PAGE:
As I followed the jostling crowd through the winding alleys of an old market street in Lukang (鹿港), centuries of history suddenly enveloped me from all sides. Carved doorways and windows, intricately designed arches over the main entrance, thin brick walls and red tiled road -- all speak of an era gone by when art and architecture blended seamlessly to create beautiful masterpieces.
Summer is the season for flower blossoms and also is the season for travel, especially in Taiwan. The Nancy Yu Huang Foundation and The China Post held a two-day ecotourism trip to Wuling Farm (武陵農場) also called the (余夢燕新聞文教基金會) Wuling Recreation Area inside the Shei Pa National Park (雪霸國家公園) in the central part of the island two weeks ago.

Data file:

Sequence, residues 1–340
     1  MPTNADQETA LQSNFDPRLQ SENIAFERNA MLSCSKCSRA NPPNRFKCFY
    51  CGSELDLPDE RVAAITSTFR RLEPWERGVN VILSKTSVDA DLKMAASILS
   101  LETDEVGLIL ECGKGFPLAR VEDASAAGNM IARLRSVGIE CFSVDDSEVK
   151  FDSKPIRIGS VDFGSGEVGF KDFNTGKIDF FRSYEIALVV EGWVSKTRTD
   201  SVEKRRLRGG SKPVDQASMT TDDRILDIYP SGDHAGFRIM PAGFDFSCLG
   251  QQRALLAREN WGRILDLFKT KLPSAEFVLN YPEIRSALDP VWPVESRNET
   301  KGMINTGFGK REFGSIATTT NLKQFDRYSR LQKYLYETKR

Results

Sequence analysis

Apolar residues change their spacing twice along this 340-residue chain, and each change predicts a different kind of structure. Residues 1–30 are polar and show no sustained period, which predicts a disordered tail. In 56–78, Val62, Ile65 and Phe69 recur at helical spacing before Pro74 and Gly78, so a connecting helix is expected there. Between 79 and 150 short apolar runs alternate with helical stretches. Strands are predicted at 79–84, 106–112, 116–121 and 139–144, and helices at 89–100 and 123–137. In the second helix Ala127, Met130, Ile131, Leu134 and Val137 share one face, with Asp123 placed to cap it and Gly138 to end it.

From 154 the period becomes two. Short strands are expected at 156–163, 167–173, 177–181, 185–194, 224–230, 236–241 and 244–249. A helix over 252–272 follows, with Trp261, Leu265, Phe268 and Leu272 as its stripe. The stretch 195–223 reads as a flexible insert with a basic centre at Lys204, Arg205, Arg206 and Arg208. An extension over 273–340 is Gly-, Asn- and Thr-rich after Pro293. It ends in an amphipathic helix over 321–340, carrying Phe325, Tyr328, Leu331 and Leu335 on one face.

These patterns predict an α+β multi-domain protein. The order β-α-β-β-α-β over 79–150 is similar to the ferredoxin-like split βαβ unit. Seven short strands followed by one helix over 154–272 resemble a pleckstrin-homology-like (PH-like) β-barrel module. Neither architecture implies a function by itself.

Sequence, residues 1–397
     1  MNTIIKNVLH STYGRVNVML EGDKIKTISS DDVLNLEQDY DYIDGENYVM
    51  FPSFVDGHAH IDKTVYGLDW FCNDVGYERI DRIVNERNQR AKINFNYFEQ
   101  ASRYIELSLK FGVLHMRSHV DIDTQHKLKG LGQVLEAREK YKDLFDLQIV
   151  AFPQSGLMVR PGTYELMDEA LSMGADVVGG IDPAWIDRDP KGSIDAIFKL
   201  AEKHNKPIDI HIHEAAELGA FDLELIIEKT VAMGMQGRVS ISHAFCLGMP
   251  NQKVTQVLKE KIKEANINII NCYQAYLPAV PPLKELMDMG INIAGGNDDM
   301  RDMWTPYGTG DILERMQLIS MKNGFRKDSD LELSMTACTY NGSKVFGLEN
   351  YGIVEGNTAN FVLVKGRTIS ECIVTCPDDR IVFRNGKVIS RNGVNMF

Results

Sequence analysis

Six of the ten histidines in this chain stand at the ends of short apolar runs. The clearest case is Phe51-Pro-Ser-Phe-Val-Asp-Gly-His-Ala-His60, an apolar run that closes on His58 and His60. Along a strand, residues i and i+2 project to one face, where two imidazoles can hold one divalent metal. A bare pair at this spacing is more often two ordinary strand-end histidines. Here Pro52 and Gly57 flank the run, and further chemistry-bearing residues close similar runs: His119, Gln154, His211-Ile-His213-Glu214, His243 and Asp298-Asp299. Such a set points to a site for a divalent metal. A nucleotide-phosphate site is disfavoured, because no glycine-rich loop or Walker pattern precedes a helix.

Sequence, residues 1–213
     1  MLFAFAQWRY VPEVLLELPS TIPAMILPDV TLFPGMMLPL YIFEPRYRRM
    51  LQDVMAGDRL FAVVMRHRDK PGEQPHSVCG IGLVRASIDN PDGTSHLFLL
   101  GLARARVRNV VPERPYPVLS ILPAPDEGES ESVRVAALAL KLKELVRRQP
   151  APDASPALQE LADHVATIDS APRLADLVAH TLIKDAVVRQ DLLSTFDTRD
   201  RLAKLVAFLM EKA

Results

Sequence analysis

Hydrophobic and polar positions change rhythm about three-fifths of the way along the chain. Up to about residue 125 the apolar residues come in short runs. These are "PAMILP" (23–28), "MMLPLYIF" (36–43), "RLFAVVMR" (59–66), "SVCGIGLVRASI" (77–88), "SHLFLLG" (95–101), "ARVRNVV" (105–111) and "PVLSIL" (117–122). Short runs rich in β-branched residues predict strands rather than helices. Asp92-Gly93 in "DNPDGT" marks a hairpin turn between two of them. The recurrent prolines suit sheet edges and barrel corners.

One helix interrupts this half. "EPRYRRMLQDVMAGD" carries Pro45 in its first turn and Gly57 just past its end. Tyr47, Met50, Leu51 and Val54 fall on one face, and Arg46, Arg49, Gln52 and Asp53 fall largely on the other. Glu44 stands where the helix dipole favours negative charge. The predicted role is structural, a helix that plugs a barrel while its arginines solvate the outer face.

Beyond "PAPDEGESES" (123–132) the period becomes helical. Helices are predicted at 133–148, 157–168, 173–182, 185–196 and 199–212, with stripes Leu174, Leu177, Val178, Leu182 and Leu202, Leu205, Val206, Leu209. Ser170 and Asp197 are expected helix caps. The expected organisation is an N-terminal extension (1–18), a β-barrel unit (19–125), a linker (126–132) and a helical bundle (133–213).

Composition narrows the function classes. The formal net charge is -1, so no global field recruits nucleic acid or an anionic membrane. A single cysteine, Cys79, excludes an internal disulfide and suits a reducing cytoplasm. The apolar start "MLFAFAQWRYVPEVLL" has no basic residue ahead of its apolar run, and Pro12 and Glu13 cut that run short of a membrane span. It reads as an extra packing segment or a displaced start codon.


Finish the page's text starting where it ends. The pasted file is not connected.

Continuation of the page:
Every year, thousands of religious pilgrims make the long trek from Taichung (台中) County to Chiayi (嘉義) County -- and back again -- in honor of the goddess Matsu (媽祖).
Over the past several years, especially since Taiwan joined the World Trade Organization in 2002, local farmers have been forced to diversify in order to survive. Instead of growing rice, fruit or vegetables in the traditional manner, some now cultivate flowers or organic foods. Others think tourism is the way forward, and have turned their fields into leisure farms.
As we drove our scooters into the little aboriginal settlement of Cha Shan (茶山,tea mountain) one mid Saturday afternoon in early March, we disturbed a ball game that was underway in the middle of the village main street.
One of the delights of living in Taiwan is that, even after years of traveling within the island whenever I get the chance, there still seem to be plenty of interesting places I've not yet visited.
About the only place many Chinese ever get to see live fish are at the local pet shop or swimming sadly around a tiny aquarium at a seafood restaurant waiting to be fished out, cooked and eaten.